The new plan, which Bush administration officials have praised as a potential national model, would try to move the most desperate street people out of shelters and into permanent housing where they could receive treatment for addiction, mental illnesses and other chronic health problems.Essentially, instead of giving money to homeless people (which is a rotten idea in itself) and hoping that they pay for housing with it, San Francisco aims to cut out the middle man, hold onto the money, and instead provide the housing itself. (Never mind that the city already provides the shelters.) In other words, the solution is to make these people wards of the state.
This is innovative and ambitious public policy at its worst. (No surprise, then, that the Bush administration digs it.) It is intended to solve a problem that either doesn't exist (homelessness due to lack of quality/affordable housing) or won't be solved by creating extra housing (homelessness based on mental illness, drugs/alcohol). Much of the praise heaped on the program on NPR focused on how, by bypassing the homeless and funding housing instead, the beneficiary can't use the money to buy drugs. Of course, if that were the case, we could just cut all of their benefits -- then they'd all clean up and get jobs at Prudential and Wells Fargo. Or cadge change, buy shitty drugs, use dirty needles, and so on. Whichever. The only homeless people NPR talked to were reasonably articulate folks who praised the system. Bully for them, but they didn't sound like the homeless I knew from New York, the ones who walked in circles and pissed on the curb.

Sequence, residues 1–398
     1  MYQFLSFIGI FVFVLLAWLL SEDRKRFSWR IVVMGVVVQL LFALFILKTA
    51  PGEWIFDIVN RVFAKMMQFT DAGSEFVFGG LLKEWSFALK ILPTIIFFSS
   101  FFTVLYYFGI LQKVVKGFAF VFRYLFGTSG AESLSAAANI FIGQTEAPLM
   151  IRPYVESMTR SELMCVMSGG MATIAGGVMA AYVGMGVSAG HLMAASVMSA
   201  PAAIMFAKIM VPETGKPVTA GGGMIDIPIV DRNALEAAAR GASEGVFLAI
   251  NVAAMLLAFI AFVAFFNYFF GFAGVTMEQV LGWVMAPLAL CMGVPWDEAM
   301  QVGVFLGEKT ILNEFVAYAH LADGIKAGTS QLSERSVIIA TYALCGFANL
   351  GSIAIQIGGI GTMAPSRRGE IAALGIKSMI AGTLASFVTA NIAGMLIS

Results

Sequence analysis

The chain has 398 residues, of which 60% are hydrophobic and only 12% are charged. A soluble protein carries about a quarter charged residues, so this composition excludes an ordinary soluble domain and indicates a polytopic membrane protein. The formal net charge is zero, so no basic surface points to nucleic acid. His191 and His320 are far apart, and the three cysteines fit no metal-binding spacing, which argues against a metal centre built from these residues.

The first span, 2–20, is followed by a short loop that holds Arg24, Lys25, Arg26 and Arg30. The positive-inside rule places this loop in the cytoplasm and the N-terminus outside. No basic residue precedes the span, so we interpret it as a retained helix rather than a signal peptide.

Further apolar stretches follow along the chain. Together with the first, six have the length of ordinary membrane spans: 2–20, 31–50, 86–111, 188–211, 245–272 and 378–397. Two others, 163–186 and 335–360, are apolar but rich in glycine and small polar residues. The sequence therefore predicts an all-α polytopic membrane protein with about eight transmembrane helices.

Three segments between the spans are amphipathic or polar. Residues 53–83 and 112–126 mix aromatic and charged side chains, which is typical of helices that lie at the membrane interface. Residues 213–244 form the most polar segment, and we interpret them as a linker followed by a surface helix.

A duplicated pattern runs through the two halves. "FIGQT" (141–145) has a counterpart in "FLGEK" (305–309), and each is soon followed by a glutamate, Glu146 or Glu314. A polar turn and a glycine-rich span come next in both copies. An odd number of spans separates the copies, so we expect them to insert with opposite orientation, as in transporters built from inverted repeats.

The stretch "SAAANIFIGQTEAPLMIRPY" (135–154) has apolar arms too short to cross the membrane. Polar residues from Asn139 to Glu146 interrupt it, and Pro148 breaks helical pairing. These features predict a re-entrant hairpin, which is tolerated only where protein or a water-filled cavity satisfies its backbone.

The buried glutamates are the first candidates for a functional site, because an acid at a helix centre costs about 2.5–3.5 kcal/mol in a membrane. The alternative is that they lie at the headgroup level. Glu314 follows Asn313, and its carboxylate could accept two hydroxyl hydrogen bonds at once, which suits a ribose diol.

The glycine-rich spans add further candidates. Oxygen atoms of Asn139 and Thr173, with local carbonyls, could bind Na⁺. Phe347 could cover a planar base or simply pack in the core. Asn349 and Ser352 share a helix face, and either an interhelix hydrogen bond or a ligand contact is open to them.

It is axiomatic that when an employer offers better benefits, more people will compete for those jobs. Well, San Francisco decided a long time ago that it was hiring the homeless, and that no application would be turned down. They still haven't made the connection, and still attempt to solve the problem by upping the benefits.